Based on some of the comments I received, I think it would be helpful to explain some of the philosophy behind the OS that makes it a little different than other Smartphones. I think it is helpful to understand this to make sense of the capabilities and limitations of this phone.
To understand Android, you need to understand the philosophy behind Android. They wanted to create on open platform for smartphones to access the web. They developed the OS around the Internet, not a desktop OS.
Windows Mobile was designed as an extension of the Windows Operating system. Certainly the ability of accessing Exchange on a mobile network is important, but the ActiveSync software was also designed to synchronize files between your Windows PC and your phone. Same with the iPhone. It is an extension of Mac OS. You use iTunes to synchronize your music, your apps and other things on your Mac PC like pictures and contacts. In marketing you would call this a brand extension.
Android started from scratch. Android ignores your PC. It’s all about your data in the big puffy white cloud. Don’t get me wrong, this is another brand extension; it is just extending from the Internet. Also there are certainly programs that will allow you sync to your PC (Mac/Win/Linux) but they are third-party apps mostly, and not central to Android.
I think a great example of this is the very helpful application Google Calendar Sync. It was created by Google to synchronize your Outlook Calendar with Google Calendar. I have used this the last year to keep my Google calendar (that I access from my G1) synced with my Exchange calendar. It works wonderfully, but here is the thing. It doesn’t sync your calendar on your PC to the Phone, it syncs it to your Google Calendar out on the cloud which then syncs to your phone. It’s a difference of focus.
One of the exciting things about the Motorola Droid is its out-of-box ability to access my Exchange mail, calendar and contacts. It is one of the core new features that attracts me. I need no PC to get my information, the Droid can go right to the source.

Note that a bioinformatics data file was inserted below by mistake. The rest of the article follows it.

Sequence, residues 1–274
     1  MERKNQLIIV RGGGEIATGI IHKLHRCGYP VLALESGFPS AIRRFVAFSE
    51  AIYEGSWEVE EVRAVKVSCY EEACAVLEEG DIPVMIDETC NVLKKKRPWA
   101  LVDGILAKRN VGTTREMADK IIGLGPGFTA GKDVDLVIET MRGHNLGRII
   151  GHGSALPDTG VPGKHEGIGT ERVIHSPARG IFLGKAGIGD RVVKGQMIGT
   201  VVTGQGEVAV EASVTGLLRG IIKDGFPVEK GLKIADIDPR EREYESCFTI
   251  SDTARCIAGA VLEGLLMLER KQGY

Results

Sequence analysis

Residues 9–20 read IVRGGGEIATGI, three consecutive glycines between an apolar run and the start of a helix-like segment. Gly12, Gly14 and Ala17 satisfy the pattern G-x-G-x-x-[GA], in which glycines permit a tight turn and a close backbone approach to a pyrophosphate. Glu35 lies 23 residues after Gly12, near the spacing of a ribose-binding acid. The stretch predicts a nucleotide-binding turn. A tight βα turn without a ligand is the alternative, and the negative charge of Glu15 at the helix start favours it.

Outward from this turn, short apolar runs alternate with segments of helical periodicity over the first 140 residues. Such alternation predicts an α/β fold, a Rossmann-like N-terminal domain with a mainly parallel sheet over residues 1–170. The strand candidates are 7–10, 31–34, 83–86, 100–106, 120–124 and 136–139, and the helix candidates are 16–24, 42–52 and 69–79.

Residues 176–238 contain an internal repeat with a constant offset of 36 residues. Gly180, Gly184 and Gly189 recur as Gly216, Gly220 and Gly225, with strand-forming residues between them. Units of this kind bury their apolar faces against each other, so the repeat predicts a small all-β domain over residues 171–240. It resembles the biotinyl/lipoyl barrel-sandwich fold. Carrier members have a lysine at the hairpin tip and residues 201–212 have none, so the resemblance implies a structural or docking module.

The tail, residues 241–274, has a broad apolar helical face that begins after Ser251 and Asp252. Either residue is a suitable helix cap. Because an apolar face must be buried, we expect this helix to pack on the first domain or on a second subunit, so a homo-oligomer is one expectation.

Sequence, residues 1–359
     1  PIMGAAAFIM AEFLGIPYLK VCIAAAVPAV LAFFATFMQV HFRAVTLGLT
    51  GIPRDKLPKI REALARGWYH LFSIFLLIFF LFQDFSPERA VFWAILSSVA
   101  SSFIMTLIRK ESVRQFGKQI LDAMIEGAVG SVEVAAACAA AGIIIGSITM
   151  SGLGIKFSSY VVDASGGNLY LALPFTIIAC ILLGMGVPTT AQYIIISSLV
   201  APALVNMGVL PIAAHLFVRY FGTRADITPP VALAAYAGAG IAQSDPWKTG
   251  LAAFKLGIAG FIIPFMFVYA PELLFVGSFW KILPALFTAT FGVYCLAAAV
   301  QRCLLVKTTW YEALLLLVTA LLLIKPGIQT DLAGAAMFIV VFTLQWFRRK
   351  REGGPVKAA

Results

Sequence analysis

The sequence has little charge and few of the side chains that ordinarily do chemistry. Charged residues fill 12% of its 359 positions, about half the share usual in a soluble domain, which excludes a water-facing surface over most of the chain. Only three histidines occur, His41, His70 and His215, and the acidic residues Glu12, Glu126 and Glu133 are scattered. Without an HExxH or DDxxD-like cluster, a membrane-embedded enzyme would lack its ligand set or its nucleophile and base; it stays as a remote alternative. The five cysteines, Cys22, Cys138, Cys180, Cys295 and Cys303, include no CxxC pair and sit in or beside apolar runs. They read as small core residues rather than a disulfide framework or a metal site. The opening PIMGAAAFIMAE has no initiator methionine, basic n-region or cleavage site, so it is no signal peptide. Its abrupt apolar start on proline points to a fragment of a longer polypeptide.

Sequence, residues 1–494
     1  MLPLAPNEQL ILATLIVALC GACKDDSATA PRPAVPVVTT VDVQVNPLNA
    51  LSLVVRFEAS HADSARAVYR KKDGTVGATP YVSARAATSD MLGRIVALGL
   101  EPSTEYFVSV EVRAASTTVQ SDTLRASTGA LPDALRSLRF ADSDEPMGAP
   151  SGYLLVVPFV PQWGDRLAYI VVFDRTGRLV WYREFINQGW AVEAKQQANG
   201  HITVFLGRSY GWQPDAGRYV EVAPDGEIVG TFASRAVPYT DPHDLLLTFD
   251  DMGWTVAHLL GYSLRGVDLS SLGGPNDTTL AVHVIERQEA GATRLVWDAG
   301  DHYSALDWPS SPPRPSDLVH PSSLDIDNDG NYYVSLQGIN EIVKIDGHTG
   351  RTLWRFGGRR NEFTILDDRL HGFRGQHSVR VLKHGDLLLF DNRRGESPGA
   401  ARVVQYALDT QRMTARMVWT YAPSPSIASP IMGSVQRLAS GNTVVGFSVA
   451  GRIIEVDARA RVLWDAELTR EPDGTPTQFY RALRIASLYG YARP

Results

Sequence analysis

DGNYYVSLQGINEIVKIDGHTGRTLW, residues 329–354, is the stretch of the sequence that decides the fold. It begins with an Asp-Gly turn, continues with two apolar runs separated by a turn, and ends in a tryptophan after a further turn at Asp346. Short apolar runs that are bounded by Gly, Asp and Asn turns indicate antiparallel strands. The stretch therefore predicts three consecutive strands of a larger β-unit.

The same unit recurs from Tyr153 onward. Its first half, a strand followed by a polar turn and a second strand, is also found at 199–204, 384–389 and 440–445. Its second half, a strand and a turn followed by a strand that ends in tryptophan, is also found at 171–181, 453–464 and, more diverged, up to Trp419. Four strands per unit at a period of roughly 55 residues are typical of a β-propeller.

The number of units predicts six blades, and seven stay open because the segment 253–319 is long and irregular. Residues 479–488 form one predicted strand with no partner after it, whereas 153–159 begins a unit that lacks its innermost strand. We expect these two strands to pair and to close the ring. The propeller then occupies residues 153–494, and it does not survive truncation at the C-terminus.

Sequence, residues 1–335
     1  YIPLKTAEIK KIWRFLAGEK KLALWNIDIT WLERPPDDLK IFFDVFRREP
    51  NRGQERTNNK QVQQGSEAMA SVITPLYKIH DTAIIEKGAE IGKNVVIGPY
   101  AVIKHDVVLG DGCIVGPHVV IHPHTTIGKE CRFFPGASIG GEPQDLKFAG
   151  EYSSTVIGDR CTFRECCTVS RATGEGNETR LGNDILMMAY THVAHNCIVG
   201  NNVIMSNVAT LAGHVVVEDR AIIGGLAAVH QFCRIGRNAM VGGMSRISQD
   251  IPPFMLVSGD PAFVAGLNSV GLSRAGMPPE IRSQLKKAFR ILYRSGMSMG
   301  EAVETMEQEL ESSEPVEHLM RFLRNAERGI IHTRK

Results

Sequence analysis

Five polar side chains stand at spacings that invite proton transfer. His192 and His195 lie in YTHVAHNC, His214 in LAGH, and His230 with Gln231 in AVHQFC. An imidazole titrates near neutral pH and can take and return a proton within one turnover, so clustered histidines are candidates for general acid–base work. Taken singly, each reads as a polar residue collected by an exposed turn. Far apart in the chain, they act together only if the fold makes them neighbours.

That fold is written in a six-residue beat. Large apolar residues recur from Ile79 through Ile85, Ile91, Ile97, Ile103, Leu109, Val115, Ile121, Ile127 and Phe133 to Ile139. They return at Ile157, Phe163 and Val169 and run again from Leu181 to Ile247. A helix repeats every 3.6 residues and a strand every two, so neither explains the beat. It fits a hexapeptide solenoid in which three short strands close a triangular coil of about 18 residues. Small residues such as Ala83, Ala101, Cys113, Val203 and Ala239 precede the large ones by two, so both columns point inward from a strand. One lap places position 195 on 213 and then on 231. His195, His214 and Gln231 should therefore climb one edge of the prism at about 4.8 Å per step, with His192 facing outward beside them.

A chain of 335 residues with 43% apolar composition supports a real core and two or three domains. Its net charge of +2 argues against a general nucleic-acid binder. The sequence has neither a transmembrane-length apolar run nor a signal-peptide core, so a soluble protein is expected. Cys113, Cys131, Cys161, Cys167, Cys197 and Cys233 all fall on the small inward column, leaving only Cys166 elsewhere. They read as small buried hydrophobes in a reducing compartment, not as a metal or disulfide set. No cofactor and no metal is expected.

Here is the weakness of this approach. You can only access the information that Microsoft’s Exchange ActiveSync provides you. In the post Day 1: Verizon’s Droid and Account Maintenance the issue of syncing your Outlook Notes came up. In the comments Dave Lister helped us all out by sharing a link to the Overview of Exchange ActiveSync on Microsoft’s TechNet. The key note is this:
Exchange ActiveSync can synchronize e-mail messages, calendar items, contacts, and tasks. You cannot use Exchange ActiveSync to synchronize notes in Microsoft Outlook.
I am pretty sure there will be third-party applications to fill this hole. A quick google search yielded mark/space’s Missing Sync for Android. It is not out yet, and lists Notes sync as coming later in the year. I assume this will “tether” your phone to a PC, but if you need those features, the option will be there.
This is where I will apply what I have asserted as Android’s philosophy and make the prediction that there will be no PC-based solution from Android. If ActiveSync adds the ability to sync notes, I would assume that it would find it’s way into the OS, but I noticed that they do not include Tasks, so who knows.
My point is that you need to know what you are buying with the Android. You are getting an extension to the Internet, not an extension to your PC. I like this philosophy, it is a powerful paradigm shift in my opinion, but it is not without its shortcomings.
This philosophy really pays off when your moving phones. I was stunned how easy it was to set up a new phone. The new phone automatically had my e-mail and contacts when I logged in with my Gmail account.
I would love to hear some folks chime in on this. I look forward to the discussion. Next Motorola Droid post will close the series and give you my final review. Thanks to everyone who contributed comments; your comments were very valuable to me, and hopefully to other readers.